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California's state Senate curbs a high-tech societal dilemma by making it illegal for employers to require ID chips implanted in their employees

Radio Frequency ID chip-maker VeriChip's slogan is "RFID for people."  The company grabbed headlines in October 2004 when it  gained FDA approval for its subdermal RFID implant.  The RFID chip measured in at 12 mm by 2.1 mm and allowed implantees to be identified and tracked using broadcast radio identification.

The chips are marketed for everything from medical tracking and identification, to security applications.

Last year, the Cincinnati based video-surveillance firm CityWatcher.com, mandated any employee that worked in its secure data center to get implanted with one of VeriChip's implants.  Two of its employees received the implants. 

Also, last year, blog RFID Lowdown reported that Hackensack University Medical Center, in Hackensack, New Jersey nominated patients for a study on the usefulness of these implants. These potential implantees suffer from chronic conditions like heart disease, epilepsy and diabetes.  Patients with these conditions will be placed a two-year program that will test "personal health record modules" inserted just beneath their skin.

Enormous controversy was generated by these moves, because the concept of employer required implants, or the possibility of involuntary medical implanting was seen by many as a dangerous high-tech invasion of privacy.  Also, concerns of the security of these devices’s information were also raised, as RFID chips have been publically compromised.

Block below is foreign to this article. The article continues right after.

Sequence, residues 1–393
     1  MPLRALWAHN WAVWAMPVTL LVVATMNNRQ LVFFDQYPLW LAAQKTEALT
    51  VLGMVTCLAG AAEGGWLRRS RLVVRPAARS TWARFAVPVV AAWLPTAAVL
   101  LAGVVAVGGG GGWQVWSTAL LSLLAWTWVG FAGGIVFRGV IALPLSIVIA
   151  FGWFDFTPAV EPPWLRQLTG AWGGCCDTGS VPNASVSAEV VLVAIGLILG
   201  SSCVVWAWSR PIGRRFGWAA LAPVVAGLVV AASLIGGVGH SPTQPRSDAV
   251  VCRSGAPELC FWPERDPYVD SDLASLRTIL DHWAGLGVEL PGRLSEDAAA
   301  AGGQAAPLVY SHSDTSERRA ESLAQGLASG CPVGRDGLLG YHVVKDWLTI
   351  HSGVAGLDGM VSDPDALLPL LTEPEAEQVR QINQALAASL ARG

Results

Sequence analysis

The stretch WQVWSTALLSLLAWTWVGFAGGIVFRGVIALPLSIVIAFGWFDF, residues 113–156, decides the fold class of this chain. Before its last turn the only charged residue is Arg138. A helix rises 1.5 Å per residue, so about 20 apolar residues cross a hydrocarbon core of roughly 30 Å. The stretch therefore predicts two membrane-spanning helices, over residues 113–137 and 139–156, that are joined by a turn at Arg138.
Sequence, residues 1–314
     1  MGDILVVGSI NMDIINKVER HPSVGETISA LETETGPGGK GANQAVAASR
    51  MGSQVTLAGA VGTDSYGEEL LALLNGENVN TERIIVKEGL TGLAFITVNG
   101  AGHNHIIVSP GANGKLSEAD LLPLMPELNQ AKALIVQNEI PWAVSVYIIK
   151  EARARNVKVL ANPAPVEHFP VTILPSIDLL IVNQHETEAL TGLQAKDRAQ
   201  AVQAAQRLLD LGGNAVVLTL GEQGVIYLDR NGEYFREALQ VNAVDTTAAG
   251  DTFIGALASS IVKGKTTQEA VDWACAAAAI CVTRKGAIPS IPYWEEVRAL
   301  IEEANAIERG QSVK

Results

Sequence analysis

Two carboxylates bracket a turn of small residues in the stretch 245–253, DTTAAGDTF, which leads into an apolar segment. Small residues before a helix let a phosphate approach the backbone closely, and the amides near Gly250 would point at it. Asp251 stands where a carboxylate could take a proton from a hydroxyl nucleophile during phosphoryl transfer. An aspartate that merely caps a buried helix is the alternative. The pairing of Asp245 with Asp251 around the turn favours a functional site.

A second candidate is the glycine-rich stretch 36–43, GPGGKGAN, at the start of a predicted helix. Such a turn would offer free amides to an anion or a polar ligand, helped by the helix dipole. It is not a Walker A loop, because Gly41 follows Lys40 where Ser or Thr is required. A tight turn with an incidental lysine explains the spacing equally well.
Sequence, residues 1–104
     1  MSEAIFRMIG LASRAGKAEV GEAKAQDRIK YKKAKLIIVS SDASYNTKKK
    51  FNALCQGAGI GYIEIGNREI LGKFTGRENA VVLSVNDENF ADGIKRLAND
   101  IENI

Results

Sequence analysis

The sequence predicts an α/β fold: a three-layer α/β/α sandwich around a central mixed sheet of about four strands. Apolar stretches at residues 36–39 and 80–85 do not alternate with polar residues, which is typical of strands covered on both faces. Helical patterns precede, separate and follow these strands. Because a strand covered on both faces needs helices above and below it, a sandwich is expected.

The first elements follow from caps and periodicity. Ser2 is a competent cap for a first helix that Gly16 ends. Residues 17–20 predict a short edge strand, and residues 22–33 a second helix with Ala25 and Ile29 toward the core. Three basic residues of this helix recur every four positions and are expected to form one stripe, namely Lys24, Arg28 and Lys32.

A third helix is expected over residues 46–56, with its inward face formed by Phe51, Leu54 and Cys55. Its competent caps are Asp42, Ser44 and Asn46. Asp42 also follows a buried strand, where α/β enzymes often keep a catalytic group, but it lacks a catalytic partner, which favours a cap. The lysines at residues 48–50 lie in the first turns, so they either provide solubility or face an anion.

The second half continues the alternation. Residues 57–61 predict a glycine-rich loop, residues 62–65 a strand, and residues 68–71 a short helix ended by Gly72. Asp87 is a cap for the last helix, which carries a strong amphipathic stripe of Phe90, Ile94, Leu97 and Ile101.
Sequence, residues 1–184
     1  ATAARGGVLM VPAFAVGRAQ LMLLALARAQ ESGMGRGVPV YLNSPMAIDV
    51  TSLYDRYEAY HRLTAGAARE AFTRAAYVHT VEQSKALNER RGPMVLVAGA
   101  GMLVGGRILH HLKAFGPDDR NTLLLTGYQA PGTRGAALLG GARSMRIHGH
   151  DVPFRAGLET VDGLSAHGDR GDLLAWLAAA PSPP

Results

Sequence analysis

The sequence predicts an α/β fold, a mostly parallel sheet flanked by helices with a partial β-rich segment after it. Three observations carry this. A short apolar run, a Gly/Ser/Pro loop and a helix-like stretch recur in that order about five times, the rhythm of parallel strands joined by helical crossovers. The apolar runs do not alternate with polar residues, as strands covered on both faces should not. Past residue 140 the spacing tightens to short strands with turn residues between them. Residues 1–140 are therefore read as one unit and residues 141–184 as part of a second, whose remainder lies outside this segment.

In response to these concerns the state of Wisconsin recently passed a bill that banned anyone, including the employers and the government, from implanting RFID chips in anyone without consent.

The LA Times reports that the California State Senate has passed a bill that goes one step farther, by banning employers from requiring employees to receive implants.  Nine senators voted against the bill, including Bob Margett (R-Arcadia), who is quoted by the Times as saying it was premature to regulate technology that has not yet proved to be a problem.

"It sounded like it was a solution looking for a problem, it didn't seem like it was necessary," Margett is quoted as saying.

An observation on both bills is that neither explicitly bans employers from asking their employees to voluntarily get implants.  Neither bill bans employers from rewarding employees who get voluntarily implanted.


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RE: Impending Rapture?
By masher2 (blog) on 9/4/2007 7:36:31 AM , Rating: 2
> "someone predicting that people would be able to fly 4000 yrs ago is a form of prophecy isn't it? "

It depends on how you define prophecy. Da Vinci "prophesied" men would one day fly also. But he based his prediction on technological grounds, not mystical ones. Do you consider that prophecy? Science Fiction authors predict all sorts of strange things. Many of those come true. Is that prophecy?

If one assumes technology will advance indefinitely, then eventually, all things become possible. That means that anything we predict today-- anything at all-- will one day come true.

If that's the only standard you have-- well then, we're all amazingly accurate prophets. Time to go get a robe.


RE: Impending Rapture?
By BradCube on 9/4/2007 9:15:03 AM , Rating: 2
You bring up a very interesting point that I hadn't really thought of. If all scenarios and occurances will eventually happen, then we have effectively nullified prophecy - even if it was true or originated supernaturally. Thats the kicker for me because, even if there is such a thing as true prophecy (ie something beyond scientific prediction), then we would never believe it anyway.


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